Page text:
Immigration, excessive spending and the mismanaged war in Iraq have riled conservatives and divided the Party. It is pointless, therefore, to try to unify the GOP on gay marriage when the chasm is so deep on these other more pressing matters.
And if Hillary Rodham Clinton is the Dems’ nominee, the Republicans will have a huge arsenal of darts to throw at her. Gay marriage? Oh, that’s so 2004!
Just as the Republicans centered their 2004 strategy on post-9/11 and to a lesser degree, gay marriage, the Democrats will make the 2008 election about Bush-Cheney and the war in Iraq although neither of these two villains will be on the ballot. Health care, education, the environment, energy independence, terrorism, globalization, immigration and myriad other issues will dominate the discourse.
Gay marriage is expected to recede as a hot-button subject. The Democratic-controlled Congress will not entertain another bid for a Federal Marriage Amendment, which should douse any demagoguery on the issue. Few if any states plan ballot initiatives to amend their constitutions this time around as most that are inclined already have them. In Maryland, though, it is still an open matter pending the Court of Appeals’ ruling.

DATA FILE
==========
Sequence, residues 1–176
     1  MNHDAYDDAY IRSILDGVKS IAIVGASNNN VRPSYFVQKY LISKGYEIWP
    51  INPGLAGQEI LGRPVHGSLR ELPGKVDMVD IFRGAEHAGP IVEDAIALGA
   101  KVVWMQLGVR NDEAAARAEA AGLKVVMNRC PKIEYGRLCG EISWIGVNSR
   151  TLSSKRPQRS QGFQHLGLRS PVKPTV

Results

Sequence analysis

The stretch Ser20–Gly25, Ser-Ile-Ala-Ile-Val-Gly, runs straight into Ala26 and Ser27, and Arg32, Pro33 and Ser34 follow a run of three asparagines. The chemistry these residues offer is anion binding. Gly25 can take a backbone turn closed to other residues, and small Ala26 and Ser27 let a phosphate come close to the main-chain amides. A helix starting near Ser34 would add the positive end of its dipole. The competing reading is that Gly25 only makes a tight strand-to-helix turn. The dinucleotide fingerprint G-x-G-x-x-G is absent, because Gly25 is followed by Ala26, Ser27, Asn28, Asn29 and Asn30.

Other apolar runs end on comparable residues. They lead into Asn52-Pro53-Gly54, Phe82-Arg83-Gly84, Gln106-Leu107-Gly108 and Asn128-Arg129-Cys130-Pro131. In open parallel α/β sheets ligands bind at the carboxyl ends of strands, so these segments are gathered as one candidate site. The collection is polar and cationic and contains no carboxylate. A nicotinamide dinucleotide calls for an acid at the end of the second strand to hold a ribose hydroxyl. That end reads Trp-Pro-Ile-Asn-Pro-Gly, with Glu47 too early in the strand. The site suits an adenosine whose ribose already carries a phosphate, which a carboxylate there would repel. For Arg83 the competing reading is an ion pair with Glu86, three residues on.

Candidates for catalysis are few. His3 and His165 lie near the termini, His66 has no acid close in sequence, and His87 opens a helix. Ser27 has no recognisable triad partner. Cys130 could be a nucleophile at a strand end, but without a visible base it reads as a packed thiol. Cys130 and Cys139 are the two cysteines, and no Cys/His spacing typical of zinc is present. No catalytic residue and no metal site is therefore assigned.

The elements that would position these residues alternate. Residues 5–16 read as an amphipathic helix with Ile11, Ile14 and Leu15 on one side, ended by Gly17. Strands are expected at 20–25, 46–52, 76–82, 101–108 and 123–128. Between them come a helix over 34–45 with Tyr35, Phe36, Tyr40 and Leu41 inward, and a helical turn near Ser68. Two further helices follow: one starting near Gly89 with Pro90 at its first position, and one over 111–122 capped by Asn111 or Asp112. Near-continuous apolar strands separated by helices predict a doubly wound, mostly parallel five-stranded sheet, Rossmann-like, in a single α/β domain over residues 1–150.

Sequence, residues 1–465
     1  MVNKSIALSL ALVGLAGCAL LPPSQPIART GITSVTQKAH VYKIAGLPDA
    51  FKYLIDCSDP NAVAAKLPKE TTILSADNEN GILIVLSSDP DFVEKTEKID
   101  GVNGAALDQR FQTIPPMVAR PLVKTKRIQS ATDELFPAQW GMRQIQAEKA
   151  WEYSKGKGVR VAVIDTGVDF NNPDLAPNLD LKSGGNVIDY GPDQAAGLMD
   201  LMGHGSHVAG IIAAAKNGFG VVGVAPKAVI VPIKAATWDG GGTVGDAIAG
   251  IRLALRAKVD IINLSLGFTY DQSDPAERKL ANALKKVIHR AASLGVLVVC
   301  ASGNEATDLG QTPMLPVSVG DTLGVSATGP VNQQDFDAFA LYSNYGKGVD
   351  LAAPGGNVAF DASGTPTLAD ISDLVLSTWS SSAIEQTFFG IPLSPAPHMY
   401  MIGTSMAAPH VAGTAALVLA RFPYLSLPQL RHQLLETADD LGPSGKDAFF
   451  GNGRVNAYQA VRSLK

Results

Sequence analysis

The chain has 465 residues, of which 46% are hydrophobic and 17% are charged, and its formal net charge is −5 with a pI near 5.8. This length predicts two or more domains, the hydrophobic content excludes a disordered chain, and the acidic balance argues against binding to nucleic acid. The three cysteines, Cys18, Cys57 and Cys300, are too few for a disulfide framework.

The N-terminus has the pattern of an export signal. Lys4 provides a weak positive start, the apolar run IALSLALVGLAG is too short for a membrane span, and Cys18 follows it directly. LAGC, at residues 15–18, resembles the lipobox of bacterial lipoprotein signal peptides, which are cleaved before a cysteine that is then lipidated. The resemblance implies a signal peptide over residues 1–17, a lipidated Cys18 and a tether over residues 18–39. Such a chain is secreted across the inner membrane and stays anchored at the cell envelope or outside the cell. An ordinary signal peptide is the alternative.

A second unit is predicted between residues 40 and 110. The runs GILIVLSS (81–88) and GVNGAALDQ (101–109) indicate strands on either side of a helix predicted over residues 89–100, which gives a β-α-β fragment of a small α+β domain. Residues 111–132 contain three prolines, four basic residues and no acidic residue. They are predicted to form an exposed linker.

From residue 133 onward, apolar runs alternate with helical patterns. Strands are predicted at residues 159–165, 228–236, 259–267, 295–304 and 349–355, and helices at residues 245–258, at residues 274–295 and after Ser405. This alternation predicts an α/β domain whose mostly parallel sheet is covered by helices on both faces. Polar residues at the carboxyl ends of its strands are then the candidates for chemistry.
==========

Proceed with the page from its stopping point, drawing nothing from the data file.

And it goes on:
As the campaign heats up during the primaries and then on to the general election, strategists for both parties will survey what’s most on voters’ minds and what would be a winning formula for victory. It is unlikely the GOP will pull gay marriage out of their bag of tricks given the other dominating issues.
Moreover, as a result of the gay escapades of former Republican Congressman Mark Foley coupled with the recent toilet incident involving Republican Senator Larry Craig, the GOP would be better served if they don't sound the "gay" alarm bells or even bring up the subject.
And I believe even Karl Rove would have thought the same if he remained in the game.